Trident Seafoods announced it has acquired a 300-foot at-sea processing vessel from Aleutian Spray Fisheries Inc., along with two other vessels, for an undisclosed sum.

The largest vessel, Starbound, was originally built in 1989 as a 240-foot factory trawler fishing in the Bering Sea. Then, in 2015, it underwent a $45 million renovation that involved “slicing it down the middle and welding in a 60-foot addition,” Trident said.

Alongside the Starbound, the company also acquired the F/V Ocean Harvester and F/V Muir Milach, both Bering Sea and Pacific whiting catcher vessels. Both vessels, according to MarineTraffic, were built in the 1970s and are under 100 feet in length.

Trident CEO Joe Bundrant said the acquisition aligns “perfectly with Trident’s values and vision.”

“Modernizing our aging fleet of catcher-processors has been a priority for some time. With this investment, we improve our efficiency and environmental performance in our continuous effort to better utilize wild Alaska pollock and Pacific whiting resources, while keeping constant focus on health of fish stocks and the role we play in protecting our natural environment,” Bundrant said. “Continuing to evolve, innovate, and align product forms to market opportunities on and off-shore is fundamental to our mission and service to stakeholders, including our fishermen, employees, communities, and customers.”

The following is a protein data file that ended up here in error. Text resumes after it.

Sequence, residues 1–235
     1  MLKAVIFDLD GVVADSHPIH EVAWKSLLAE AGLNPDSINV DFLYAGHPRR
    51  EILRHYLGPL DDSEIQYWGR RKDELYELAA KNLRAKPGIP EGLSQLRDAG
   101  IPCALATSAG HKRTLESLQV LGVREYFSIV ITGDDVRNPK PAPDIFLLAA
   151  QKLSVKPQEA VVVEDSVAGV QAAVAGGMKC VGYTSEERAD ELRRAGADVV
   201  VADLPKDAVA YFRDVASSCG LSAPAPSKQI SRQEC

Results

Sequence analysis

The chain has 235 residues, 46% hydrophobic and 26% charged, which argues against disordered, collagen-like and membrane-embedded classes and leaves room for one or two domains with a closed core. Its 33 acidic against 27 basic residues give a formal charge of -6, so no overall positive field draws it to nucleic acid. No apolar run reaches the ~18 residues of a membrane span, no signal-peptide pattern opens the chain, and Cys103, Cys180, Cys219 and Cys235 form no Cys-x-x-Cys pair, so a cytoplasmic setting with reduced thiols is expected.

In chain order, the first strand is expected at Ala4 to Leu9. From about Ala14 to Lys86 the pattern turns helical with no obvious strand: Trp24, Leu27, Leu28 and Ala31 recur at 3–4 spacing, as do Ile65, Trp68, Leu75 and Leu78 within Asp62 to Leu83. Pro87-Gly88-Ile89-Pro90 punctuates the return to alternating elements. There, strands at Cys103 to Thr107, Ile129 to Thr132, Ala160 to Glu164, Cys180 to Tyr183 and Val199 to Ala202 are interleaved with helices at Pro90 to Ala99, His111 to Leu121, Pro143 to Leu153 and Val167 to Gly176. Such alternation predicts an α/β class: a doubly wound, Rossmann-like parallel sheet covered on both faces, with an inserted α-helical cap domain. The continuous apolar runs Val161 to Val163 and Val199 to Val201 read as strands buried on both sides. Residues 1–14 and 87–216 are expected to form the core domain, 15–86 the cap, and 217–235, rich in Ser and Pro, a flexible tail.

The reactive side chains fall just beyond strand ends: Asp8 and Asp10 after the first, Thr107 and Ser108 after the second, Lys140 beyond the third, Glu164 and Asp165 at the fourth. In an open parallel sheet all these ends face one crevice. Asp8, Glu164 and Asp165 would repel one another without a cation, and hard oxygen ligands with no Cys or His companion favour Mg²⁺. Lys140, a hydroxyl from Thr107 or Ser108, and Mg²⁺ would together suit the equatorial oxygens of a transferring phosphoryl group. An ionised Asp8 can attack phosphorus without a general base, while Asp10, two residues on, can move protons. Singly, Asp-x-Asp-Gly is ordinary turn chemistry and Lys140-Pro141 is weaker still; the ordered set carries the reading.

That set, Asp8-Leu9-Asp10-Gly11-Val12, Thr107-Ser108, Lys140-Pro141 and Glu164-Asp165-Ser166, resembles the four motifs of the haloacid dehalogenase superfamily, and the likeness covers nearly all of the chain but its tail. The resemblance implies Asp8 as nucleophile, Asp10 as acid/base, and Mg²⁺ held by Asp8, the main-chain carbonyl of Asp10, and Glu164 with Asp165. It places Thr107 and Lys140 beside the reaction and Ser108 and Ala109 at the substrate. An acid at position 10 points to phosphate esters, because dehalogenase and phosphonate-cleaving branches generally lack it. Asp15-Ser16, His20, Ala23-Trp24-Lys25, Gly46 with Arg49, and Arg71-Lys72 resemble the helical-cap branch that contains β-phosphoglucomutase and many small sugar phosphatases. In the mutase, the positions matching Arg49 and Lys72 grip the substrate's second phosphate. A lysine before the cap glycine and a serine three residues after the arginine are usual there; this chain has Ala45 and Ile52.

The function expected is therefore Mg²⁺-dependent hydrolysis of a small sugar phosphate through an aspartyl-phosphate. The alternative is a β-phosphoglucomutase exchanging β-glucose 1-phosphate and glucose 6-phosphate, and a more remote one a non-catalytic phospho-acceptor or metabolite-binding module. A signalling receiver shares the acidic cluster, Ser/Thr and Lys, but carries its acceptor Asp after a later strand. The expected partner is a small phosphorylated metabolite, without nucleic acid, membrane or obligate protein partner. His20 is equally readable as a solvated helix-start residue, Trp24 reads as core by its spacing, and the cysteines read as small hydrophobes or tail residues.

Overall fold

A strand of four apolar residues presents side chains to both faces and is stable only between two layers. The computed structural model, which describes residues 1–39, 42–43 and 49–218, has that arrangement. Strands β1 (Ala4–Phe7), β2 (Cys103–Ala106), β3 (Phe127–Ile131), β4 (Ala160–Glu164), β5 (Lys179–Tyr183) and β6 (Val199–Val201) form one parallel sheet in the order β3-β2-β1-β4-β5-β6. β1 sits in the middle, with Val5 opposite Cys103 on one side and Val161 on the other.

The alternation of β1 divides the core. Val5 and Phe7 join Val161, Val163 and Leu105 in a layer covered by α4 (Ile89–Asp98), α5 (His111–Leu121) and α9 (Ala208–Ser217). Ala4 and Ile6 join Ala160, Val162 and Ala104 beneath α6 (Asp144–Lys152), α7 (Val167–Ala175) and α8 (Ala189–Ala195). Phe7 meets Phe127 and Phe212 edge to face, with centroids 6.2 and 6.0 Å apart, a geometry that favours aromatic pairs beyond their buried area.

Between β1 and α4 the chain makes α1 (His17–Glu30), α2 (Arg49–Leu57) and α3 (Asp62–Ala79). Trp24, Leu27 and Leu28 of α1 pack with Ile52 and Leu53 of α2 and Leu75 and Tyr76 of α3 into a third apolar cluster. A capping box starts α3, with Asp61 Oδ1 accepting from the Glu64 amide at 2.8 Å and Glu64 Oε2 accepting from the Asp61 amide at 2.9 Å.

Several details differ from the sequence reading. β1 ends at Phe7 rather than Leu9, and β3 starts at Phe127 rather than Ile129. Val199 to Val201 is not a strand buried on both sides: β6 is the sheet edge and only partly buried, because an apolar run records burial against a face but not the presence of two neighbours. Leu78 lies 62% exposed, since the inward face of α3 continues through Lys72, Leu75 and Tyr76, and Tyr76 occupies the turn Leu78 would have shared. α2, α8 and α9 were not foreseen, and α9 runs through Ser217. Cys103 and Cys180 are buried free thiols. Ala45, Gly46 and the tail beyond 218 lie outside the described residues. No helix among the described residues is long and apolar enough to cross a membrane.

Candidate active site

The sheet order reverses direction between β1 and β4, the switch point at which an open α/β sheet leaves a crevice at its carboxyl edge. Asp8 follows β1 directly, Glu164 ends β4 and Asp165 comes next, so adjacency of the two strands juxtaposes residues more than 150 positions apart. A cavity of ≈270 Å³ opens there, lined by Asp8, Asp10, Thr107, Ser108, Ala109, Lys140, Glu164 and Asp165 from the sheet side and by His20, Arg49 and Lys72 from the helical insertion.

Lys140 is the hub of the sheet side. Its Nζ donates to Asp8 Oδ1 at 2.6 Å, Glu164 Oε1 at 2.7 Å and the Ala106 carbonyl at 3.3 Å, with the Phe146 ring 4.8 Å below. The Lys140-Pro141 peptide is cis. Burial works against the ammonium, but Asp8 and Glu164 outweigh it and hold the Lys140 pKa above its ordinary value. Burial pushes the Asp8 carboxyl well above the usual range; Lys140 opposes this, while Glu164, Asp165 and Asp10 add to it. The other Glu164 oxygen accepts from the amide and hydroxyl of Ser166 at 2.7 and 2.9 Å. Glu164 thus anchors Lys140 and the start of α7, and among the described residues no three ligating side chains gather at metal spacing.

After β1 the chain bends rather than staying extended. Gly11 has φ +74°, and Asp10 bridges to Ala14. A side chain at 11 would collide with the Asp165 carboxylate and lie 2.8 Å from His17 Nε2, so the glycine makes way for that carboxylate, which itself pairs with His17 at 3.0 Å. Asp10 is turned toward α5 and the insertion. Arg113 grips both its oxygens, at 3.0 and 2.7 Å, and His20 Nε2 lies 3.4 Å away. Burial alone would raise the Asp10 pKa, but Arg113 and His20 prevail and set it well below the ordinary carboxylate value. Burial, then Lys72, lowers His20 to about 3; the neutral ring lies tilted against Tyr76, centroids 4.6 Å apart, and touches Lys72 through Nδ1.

The Starbound, according to Trident, can catch, process, freeze, and package its catch within hours. In addition, the vessel has the ability to produce fishmeal and fish oil – some of which is used as renewable fuel on the ship.

“As multi-generational, family companies, we both understand the importance of making meaningful, long-term investments,” Aleutian Spray president Chris Swasand said. “The Starbound represents the kind of continuous innovation that secures the health of both fish populations and fishing families well into the future.”

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Chris Chase is the Portland, Maine-based associate editor of SeafoodSource. Previously, he worked covering local issues at the Coastal Journal in Bath, Maine, where he won multiple awards from the Maine Press Association for his news coverage and food reviews. Chris is a graduate of the University of Maine, and got his start in writing by serving as a reporter and later the State Editor of The Maine Campus, an award-winning campus newspaper.

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